Hard Times - Charles Dickens
Hard Times Analysis
Charles Dickens is a writer who best reflects the Victorian England and the effects of the Industrial Revolution on people and society. In 1838, he visited a factory in Manchester where he witnessed the situation of the workers in the cotton factory, after this he wrote Hard Times. He has worked in the fields of Economics Science and Utilitarianism, which form the basis of the Industrial Revolution theory, from the plot to the depictions and character names. The restrictive point of view of the science of statistics, which is of great importance in the 19th century, the negation of the feelings of inquiry, thinking and feeling brought about by mathematical certainty are important points that Dickens satirizes.
Hard Times Short Summary
45 years old Thomas Gradgrind, prides himself on cultivating his students at the educational institution that he owned, with the mindset of utilitarianism, one of the building blocks of the industrial revolution. According to Gradgrind, the only thing necessary for life is concrete facts. There is absolutely no place for free, creative imagination, individuality among these facts. Thomas, who teaches his five children in line with this principle, cannot believe his eyes when he comes home from school one day, trying to follow his children Louisa and Tom trying to follow the circus in town. According to him, there is no rationality to this action, and family dignity has been crippled. Her parents tend to behave in this way because Cesilia Jupe (Sissy), at her school, sees her father who works for the circus, goes to Coketown with her friend, Josiah Bounderby, to talk to the guy about getting her daughter out of school. Mr. Jupe is singing in the demonstrations because of the slowdown in his movements due to aging, and he feels great shame about this situation. In order not to give this shame to his daughter, he left the town without informing anyone. Gradgrind takes Sissy who is alone by taking the connection from the circus and takes over his education by himself.
Sissy has passed through the years of Gradgrinds training, but has not been mechanized as desired and lives in the hope that his father will return. Her friendship with Louisa breaks down after her admission to the marriage of Bounderby. This marriage, which is very important for Tom who works alongside Bounderby, is completely disrupted by the arrival of James (Jem) Harthouse, brother of Gradgrind's parliamentary friend. Impressed by James, Louisa takes refuge in her father to explain to him all her emotions so as to get rid of the emotional burden she carries. Harthouse also leaves the city upon Sissy's request. Bounderby who learns the truth from Ms. Sparsit, who is responsible for doing the work of her home, returns to her single life by dismissing Louisa, who has not returned yet despite the completion of her term.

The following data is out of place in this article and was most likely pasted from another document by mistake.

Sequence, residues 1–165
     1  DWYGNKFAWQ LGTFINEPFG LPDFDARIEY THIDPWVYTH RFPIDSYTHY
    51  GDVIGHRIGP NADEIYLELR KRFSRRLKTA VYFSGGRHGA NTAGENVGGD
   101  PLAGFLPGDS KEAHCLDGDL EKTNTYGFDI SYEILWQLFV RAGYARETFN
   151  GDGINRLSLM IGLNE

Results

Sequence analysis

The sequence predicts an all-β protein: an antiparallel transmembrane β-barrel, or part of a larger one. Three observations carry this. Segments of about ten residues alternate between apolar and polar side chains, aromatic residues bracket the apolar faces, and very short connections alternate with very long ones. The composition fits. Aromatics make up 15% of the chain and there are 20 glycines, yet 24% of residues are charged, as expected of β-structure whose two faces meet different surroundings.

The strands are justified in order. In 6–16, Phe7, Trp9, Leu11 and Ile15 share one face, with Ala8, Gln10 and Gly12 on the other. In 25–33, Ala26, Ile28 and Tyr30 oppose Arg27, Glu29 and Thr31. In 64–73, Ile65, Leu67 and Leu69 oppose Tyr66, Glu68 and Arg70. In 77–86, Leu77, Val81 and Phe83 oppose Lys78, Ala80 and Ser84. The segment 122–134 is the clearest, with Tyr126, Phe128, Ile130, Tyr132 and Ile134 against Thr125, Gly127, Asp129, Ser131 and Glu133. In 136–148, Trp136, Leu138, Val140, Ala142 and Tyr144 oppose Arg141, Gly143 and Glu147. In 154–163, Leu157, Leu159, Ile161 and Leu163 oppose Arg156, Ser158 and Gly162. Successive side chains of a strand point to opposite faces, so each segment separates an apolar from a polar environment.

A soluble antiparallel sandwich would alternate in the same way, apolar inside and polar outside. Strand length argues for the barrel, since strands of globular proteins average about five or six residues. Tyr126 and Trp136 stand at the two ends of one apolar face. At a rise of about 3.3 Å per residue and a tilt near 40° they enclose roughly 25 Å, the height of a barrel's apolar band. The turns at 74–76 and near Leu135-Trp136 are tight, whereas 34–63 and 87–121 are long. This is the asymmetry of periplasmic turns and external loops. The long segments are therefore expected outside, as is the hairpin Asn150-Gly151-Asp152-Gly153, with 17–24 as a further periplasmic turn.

Stephen Blackpool, who worked as a weaver in Bounderby's factory, was marginalized by her colleagues because she had not been warmly welcomed by the union representatives from Cooktown. Despite his attitude, when he does not snitch on Mr. Bounderby, he gets fired. He decides to try his luck in another city. An alcoholic who can not divorce from his wife, who does not come for a long time when she goes away, cannot marry the woman he loves, Rachel who works in the same factory. Tom, who witnessed Stephen speaking to Bounderby and heard his decision, promised to help Stephen, and told his boss's bank to wait for him around the bank. Stephen, who wandered around the bank for several days, could not find Tom, so he desperately followed his decision to go to another city to seek work. A few days later, Cooktown is shaken by the news that Bounderby's bank has been robbed. The whole city blames Blackpool. Rachel is the only one who does not agree with this accusation. She writes a letter to the wrongly accused Stephen and tells him to return to make this misunderstanding right. She tells Bounderby and the Gradgrind family about Stephen's speech with Tom. Louisa and Sissy who their communication got better when she came back home, and with Rachel they started to look forward to return of Blackpool. A beautiful fall day, Rachel and Sissy find Blackpool's hat at the bottom of a giant pit opened by an old coal-mines on a country trip. When Blackpool received the letter, he was on his way out of the labor camp sixty miles away, but his foot slipped and he fell to the well on his way to the home of Mr Bounderby. A few minutes after his removal from the well, he leaves this world, telling them that Tom will explain it to them. When it turns out that Tom has robbed the bank because of his gambling debts, the family decides to take Tom out of the country. With the help of Sissy's circus friends, Tom escapes to America and dies there. Five years later, Bounderby is found dead in the streets of Coketown. Sissy can never find out that his father is dead, he gets married and he has happy children. Rachel protects Stephen's wife until the end of her life.